Glen Rice Jr.: Phoenix Suns 2013 NBA Draft profile


As the name might allude to, Glen Rice Jr. is an outstanding jump shooter who connected on 38 percent of his three-pointers in 48 D-League games for the Rio Grande Valley Vipers last season. Much like his father, Rice has consistent mechanics that make him deadly in catch-and-shoot situations but not bad off the dribble either. He steps into his shots, squares his feet with the rim and doesn’t have much unnecessary motion.

The development of his jump shot is surprisingly new. Since being kicked off the Georgia Tech Yellow Jackets in his junior season, Rice has improved greatly in that regard. But he was always effective because of his athleticism. Rice is at his best in transition, using his length and athleticism to run and then finish.

At 6-foot-5.75 with shoes, it’s Rice’s 6-foot-9 wingspan that gives him another advantage. That combination of length and athleticism makes him a very good rebounder for a shooting guard. His added strength since playing in the D-League has helped him finish around the rim through contact as well.

Question marks

Multiple off-court issues led to Rice getting booted from Georgia Tech. The final straw was being charged with “permitting unlawful operation” because he was pulled over in Atlanta and two associates were charged with discharging a firearm and DUI, respectively, according to USA Today.

It’s hard to say whether Rice’s borderline first-round stock is more because of his issues from college or other deficiencies.

On the court, he has a way to go especially on the defensive end. Considering his athletic abilities and knack for getting in passing lanes and blocking shots, Rice’s untapped potential is because he often doesn’t display the effort or focus needed to keep him on an NBA court.

Additionally, Rice is fairly limited as a scorer and has yet to shown the ability to create for others.


Rice has the genes and the experiences at this point to be an excellent pro, but the red flags certainly have hurt his stock. That being said, Rice having the experience of playing in college then as an essential pro in the D-League – not to mention having the advice of his father – could lead NBA executives to believe that he’s grown up.

And the improvement in Rice’s three-point shot is possibly a sign that his upside based on his athletic talents can be tapped into. Still, all this is to-be-determined.

How he fits with the Suns

Rice worked out for the Suns with a number of intriguing shooting guards on Friday. He was joined by Evansville’s Colt Ryan, who averaged 20 points per game, 4.0 assists per and also shot nearly 40 percent from the three-point line in his senior year. Also among the group was an unknown in Angelo Sharpless, an athlete who played at Elizabeth City State College and at one time jumped over Duke’s Mason Plumlee.

Obviously, the Suns are looking for upgrades at shooting guard. Scoring ability and athleticism are the two key components for Phoenix, and Rice brings both. He may be a project defensively, but the Suns have time for Jeff Hornacek to mold him. With the ability to play immediately, a player like Rice could have a few years to turn into a Lance Stephenson-esque pick a few years down the road.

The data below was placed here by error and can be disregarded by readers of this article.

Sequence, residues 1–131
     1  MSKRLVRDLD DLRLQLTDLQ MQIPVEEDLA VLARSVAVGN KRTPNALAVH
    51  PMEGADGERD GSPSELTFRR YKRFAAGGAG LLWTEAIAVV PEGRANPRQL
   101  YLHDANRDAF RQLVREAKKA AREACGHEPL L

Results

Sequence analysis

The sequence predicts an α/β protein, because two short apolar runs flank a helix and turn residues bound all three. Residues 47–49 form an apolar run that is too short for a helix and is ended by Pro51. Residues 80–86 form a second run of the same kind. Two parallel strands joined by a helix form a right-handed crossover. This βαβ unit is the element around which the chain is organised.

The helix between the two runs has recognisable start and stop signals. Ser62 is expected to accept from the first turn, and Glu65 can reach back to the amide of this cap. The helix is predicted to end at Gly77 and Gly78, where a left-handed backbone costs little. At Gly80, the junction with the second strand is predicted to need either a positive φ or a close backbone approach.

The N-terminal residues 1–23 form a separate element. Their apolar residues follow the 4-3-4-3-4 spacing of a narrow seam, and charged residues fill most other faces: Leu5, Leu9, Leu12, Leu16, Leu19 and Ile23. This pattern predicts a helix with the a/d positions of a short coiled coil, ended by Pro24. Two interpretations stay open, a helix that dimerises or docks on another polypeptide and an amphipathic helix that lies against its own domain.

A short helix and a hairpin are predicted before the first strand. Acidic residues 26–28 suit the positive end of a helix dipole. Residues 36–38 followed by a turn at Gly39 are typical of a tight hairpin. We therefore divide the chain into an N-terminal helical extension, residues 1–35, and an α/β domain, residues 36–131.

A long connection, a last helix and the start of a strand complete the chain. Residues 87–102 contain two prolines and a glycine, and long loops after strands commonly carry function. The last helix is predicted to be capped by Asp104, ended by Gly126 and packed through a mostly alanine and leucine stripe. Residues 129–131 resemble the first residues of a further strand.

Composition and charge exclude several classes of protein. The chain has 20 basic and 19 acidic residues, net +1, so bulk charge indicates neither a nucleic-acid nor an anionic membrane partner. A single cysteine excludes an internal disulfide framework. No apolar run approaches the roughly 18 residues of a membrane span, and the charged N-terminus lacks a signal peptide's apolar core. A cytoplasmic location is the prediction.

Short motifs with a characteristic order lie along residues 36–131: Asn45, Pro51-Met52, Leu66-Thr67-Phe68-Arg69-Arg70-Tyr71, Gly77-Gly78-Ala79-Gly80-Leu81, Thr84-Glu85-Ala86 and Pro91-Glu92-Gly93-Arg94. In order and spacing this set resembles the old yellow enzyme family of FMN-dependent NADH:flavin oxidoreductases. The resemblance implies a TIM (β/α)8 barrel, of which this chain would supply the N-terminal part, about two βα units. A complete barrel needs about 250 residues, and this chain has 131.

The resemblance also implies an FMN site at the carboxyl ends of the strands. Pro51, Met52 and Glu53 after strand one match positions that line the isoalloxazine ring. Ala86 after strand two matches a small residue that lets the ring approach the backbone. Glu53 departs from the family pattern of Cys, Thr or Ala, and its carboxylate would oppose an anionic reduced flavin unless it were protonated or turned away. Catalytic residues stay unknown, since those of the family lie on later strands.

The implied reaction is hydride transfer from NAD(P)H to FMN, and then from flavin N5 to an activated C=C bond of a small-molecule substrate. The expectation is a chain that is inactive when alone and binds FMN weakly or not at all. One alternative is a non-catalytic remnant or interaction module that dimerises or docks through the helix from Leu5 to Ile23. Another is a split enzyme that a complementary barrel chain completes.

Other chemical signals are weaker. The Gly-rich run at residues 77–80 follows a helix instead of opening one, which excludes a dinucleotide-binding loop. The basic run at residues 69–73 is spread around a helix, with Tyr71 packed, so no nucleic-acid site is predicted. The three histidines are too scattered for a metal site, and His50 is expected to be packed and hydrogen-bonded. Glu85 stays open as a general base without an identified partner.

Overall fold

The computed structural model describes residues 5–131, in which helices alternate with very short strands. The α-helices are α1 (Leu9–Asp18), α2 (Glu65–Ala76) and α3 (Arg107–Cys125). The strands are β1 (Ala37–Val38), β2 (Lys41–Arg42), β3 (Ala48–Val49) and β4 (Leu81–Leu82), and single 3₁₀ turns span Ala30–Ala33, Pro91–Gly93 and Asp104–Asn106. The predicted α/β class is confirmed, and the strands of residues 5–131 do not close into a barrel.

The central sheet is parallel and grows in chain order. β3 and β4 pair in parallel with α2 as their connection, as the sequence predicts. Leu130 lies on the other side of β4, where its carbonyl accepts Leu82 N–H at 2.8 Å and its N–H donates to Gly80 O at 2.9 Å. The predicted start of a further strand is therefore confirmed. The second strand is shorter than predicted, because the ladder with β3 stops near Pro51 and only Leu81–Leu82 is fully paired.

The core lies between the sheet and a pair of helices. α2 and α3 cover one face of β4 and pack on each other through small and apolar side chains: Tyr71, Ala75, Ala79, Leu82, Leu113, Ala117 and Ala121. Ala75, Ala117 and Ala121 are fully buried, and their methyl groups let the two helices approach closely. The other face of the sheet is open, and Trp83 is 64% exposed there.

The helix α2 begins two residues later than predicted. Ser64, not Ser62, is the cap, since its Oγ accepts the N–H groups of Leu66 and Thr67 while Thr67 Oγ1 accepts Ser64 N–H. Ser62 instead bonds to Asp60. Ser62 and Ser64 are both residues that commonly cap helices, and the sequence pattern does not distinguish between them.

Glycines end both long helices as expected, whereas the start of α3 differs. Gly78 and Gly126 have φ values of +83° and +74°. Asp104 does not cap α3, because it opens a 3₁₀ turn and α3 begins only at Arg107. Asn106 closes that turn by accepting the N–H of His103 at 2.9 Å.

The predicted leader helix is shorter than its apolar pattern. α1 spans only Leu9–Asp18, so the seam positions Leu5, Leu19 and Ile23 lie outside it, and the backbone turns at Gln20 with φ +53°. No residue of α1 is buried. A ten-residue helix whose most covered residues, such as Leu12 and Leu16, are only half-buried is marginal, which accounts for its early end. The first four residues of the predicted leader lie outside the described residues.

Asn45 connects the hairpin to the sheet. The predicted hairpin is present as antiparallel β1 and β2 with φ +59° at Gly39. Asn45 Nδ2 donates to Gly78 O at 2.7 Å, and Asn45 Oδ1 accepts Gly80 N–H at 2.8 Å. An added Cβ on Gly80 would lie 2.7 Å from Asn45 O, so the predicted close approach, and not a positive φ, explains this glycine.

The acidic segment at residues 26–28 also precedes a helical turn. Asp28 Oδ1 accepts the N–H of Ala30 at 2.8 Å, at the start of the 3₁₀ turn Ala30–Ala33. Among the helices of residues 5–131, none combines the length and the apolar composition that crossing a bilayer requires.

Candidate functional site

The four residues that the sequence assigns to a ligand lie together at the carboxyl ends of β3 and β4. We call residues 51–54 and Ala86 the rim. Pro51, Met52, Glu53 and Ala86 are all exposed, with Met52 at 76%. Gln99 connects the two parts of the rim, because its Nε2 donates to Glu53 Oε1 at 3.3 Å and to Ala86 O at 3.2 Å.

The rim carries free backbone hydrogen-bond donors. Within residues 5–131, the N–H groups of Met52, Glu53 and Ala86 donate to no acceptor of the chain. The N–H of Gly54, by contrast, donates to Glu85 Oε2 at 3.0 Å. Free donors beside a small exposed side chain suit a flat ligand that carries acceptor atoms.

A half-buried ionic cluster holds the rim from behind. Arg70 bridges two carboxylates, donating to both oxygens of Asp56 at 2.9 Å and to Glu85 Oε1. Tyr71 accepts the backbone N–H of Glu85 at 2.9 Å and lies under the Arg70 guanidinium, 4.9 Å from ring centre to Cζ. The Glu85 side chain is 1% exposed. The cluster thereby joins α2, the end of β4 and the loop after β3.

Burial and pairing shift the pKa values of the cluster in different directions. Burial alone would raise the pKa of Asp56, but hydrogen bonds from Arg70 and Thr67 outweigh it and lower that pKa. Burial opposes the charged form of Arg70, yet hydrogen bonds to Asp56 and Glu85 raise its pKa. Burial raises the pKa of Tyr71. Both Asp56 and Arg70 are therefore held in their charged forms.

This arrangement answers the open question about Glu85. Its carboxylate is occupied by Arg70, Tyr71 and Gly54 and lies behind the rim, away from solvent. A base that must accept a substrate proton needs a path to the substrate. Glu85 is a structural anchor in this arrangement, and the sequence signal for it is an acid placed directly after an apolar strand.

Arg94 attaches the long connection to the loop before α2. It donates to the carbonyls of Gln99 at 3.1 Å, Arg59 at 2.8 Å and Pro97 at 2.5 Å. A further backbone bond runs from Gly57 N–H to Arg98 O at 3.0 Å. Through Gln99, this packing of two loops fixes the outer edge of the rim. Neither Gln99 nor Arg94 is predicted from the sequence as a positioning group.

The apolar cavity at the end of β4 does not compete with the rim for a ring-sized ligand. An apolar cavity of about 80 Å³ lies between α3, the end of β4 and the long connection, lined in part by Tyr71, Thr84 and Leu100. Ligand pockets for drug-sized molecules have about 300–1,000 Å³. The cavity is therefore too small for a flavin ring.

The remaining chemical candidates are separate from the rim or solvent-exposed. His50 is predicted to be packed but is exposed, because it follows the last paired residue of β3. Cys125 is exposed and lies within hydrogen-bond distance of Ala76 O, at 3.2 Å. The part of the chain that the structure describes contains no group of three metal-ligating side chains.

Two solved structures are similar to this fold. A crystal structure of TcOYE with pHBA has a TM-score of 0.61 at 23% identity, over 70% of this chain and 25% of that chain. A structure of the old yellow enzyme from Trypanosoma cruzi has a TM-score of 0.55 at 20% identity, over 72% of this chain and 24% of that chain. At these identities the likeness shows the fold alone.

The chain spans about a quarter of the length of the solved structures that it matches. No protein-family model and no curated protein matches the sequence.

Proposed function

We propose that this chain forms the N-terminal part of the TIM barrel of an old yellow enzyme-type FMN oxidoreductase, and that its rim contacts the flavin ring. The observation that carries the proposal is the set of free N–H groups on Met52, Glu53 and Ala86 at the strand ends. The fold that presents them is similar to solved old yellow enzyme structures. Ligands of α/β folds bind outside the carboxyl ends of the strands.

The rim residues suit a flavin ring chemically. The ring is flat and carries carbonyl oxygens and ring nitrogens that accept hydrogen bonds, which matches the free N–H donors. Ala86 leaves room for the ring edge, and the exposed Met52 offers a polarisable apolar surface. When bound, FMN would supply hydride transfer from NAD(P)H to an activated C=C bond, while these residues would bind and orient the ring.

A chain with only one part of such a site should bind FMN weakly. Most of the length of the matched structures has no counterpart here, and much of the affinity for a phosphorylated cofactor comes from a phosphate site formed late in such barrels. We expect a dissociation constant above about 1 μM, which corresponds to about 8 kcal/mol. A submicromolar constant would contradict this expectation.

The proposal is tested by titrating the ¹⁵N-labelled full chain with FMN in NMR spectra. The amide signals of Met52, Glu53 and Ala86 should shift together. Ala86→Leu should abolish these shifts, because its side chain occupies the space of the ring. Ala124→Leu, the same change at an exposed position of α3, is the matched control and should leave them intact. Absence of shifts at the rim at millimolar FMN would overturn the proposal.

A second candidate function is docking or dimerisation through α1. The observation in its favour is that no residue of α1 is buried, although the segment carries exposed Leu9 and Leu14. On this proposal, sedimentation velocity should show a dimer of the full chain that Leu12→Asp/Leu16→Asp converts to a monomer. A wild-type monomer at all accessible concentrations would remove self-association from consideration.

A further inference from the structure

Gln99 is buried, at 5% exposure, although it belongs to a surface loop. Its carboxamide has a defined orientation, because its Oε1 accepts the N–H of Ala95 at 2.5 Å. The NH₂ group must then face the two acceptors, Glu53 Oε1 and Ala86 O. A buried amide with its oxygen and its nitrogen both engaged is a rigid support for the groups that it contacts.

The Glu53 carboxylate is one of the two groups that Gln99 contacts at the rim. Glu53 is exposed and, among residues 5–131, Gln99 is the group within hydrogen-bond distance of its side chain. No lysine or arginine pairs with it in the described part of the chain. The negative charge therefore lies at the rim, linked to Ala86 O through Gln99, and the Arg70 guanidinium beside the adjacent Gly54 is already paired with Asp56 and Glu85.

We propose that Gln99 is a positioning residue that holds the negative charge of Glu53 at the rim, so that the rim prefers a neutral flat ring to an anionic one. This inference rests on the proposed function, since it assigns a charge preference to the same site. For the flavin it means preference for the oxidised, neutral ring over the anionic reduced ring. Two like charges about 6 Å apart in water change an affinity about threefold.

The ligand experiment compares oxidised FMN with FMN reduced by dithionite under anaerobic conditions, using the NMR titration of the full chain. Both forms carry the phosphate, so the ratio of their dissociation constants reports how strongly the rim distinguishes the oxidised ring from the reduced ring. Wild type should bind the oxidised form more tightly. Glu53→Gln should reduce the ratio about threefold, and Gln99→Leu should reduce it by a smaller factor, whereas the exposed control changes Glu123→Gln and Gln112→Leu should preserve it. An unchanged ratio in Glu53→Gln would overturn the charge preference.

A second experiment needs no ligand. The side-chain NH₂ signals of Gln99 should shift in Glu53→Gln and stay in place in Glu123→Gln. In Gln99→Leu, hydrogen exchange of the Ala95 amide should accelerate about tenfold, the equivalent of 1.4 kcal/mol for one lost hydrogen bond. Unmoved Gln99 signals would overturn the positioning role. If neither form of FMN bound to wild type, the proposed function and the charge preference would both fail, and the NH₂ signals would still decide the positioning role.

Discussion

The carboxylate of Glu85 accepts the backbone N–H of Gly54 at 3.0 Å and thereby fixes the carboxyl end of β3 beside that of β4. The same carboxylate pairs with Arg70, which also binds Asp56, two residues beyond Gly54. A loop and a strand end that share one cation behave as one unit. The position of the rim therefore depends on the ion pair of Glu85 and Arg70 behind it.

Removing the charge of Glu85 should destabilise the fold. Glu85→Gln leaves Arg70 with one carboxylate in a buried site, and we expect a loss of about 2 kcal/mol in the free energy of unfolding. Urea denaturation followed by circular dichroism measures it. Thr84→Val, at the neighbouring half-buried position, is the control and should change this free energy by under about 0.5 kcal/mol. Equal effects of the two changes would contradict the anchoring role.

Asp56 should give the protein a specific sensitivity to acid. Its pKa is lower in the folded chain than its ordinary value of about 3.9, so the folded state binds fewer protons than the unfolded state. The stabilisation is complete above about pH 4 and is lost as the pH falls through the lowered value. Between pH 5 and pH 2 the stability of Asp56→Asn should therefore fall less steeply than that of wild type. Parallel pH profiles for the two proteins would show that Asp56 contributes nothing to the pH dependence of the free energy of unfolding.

And 1 … a second-rounder to consider

The Suns also worked out big men in BYU Brandon Davies, St. Joseph’s C.J. Aiken and Creighton’s Greg Echenrique on Friday. While Davies would be appealing for that 57th pick, Sharpless is a star in the bluegrass hoops circuit because of his freak athleticism and that could make him a project selection with greater upside. He averaged 20 points per game at a Division II school and wasn’t a poor shooter, so it’s a wonder if he could be a steal of a pick considering his athletic gifts.

Another And 1

  • Scott

    This pretty much says it all:

    “On the court, [Rice] has a way to go especially on the defensive end. Considering his athletic abilities and knack for getting in passing lanes and blocking shots, Rice’s untapped potential is because he often doesn’t display the effort or focus needed to keep him on an NBA court.

    “Additionally, Rice is fairly limited as a scorer and has yet to show the ability to create for others.”

  • foreveris2long

    I have never seen him play but I am intrigued by his upside and DNA.

  • hawki

    Rice was dominant down the stretch in the D-League which is what is prompting the interest….avgd 16 pts shooting 45% from 3 pt range over his last 10 games.

    Some other D-Leaguers worthy of note:
    Tyler (my boy) Honeycutt….in limited minutes avgd 10 1/2 ppg & over 7 rebounds while shooting 40% from 3 & 84%$ from the line…..has great length on the wing as evidenced by his 2 steals per game avg.
    Honeycutt was also 3rd in D-League PER at 22.15 behind only Hassan Whiteside & former Kentucky star Terrence Jones.
    Honeycutt is UFA & could be had for next to nothing…..I hope McD gives him a shot.

    Hassan Whiteside…..the 7 footer avgd 6 1/2 pts & 5 1/2 rebs in only 12 minutes per game.